hulled, or whole, wheat
little preparation for the market, so it is a comparatively cheap food.
is used almost exclusively as a breakfast cereal, but serves as a good
substitute for hominy or rice. Although, it
requires long cooking, its preparation for the table is so simple that
the cooking need not necessarily increase its cost materially. One of
the advantages of this food is that it never becomes so soft that it
does not require thorough mastication.
The cereal known as wheat grits is made
by crushing the wheat grains and allowing a considerable proportion of
the wheat bran to remain. Grits may be used as a breakfast cereal, when
they should be served hot with cream or milk and sugar; they also make
an excellent luncheon dish if they are served with either butter or
gravy. The fact that this cereal contains bran makes it an excellent
to use in cases where a food with bulk is desired.
In the manufacture of cream of wheat,
not only is
all the bran removed, as has been stated, but the wheat is made fine
granular. This wheat preparation, therefore, does not require so much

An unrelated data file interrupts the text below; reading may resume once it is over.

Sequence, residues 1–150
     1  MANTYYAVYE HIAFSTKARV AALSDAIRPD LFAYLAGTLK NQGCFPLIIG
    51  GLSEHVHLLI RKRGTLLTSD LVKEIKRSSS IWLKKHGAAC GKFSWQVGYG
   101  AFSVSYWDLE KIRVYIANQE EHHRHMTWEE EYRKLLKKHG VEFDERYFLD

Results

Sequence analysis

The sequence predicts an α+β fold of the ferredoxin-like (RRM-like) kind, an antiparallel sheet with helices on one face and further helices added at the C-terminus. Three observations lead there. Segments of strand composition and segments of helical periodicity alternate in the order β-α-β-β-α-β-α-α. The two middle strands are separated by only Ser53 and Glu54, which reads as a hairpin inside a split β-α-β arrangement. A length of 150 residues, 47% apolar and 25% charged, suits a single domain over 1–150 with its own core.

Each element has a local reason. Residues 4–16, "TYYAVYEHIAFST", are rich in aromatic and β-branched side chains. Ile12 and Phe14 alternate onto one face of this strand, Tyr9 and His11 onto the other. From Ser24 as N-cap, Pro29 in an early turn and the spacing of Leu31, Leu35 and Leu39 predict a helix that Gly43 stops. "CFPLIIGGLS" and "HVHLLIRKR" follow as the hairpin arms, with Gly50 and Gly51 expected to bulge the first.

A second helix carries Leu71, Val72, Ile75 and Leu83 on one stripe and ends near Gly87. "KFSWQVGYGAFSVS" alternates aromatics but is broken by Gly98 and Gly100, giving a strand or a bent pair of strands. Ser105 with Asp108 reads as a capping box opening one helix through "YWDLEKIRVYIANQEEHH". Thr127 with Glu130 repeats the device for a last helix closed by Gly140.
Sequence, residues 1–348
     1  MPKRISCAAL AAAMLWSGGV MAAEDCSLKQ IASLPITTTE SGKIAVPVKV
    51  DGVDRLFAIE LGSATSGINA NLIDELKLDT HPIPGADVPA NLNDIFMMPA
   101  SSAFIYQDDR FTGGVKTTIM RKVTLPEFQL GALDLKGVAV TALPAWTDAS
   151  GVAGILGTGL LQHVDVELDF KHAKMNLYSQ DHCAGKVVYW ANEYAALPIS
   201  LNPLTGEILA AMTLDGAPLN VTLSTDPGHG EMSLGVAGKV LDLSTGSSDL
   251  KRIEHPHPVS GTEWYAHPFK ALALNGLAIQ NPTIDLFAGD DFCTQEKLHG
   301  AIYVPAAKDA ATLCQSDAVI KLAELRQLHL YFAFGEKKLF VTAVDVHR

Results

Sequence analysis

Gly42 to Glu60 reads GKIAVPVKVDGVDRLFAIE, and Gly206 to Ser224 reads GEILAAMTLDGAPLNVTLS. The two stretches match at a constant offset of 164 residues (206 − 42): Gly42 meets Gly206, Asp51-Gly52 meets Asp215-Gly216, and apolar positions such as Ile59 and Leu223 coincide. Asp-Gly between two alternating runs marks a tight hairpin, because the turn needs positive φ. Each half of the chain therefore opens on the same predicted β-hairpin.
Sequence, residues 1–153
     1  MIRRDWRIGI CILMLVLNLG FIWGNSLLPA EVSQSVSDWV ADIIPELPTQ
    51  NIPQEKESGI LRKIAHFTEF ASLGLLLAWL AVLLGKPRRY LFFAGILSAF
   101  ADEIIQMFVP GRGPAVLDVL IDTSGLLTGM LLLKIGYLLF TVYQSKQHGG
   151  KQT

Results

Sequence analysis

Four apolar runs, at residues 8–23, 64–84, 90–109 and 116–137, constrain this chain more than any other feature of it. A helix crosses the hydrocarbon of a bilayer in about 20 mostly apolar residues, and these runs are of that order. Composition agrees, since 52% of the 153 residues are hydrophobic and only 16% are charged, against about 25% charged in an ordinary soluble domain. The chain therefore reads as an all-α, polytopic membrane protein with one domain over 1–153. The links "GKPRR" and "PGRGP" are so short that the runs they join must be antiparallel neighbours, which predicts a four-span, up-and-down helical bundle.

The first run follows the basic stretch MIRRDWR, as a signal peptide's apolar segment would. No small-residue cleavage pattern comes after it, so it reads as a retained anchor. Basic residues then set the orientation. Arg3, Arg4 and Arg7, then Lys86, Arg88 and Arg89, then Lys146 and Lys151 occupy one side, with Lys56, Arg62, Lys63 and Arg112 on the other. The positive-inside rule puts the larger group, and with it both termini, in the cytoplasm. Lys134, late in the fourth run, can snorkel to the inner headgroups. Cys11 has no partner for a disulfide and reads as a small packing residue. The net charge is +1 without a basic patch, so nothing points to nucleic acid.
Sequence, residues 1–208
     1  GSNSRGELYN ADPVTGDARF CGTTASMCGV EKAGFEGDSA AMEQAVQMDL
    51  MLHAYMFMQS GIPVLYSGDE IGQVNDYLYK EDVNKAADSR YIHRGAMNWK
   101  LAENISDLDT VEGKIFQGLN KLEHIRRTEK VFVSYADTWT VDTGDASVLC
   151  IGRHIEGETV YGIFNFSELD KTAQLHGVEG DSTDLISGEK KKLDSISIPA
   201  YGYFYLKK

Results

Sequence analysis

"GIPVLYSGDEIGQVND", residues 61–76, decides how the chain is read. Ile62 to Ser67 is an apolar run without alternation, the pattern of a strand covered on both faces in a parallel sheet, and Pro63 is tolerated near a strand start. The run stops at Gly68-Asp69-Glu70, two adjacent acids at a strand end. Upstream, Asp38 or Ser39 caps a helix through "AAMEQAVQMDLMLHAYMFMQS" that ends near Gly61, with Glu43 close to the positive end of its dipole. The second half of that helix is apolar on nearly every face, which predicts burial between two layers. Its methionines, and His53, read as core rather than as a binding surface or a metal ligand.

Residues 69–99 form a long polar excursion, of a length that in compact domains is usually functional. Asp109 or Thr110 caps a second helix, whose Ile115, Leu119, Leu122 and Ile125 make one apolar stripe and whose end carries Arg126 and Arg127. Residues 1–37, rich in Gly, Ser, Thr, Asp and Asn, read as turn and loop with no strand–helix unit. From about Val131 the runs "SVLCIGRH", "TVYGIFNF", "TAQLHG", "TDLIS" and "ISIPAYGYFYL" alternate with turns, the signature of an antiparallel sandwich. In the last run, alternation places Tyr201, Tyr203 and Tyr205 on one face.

cooking to make it palatable as do some of the other cereals; still,
cooking it a comparatively longer time tends to improve its flavor.
Traditional wheat preparation called farina is very much
as cream of wheat, being manufactured in practically the same manner.
is a good breakfast cereal when properly cooked, but it does not
sufficient cellulose to put it in the class of bulky foods. However, as
has been pointed out, this bulk may be supplied by mixing with it,
before cooking, an equal amount of bran. In such a case, of course,
water will be needed and the cooking process will have to be prolonged.
|Did You Know?
four wild species of wheat, along with the domesticated varieties
einkorn, emmer and spelt, have hulls. This more primitive morphology
(in evolutionary terms) consists of toughened glumes that tightly
enclose the grains, and (in domesticated wheats) a semi-brittle rachis
that breaks easily on threshing. The result is that when threshed, the
wheat ear breaks up into spikelets. To obtain the grain, further
processing, such as milling or pounding, is needed to remove the hulls
or husks. In contrast, in free-threshing (or naked) forms such as durum
wheat and common wheat, the glumes are fragile and the rachis tough. On
threshing, the chaff breaks up, releasing the grains. Hulled wheats are
often stored as spikelets because the toughened glumes give good
protection against pests of stored grain.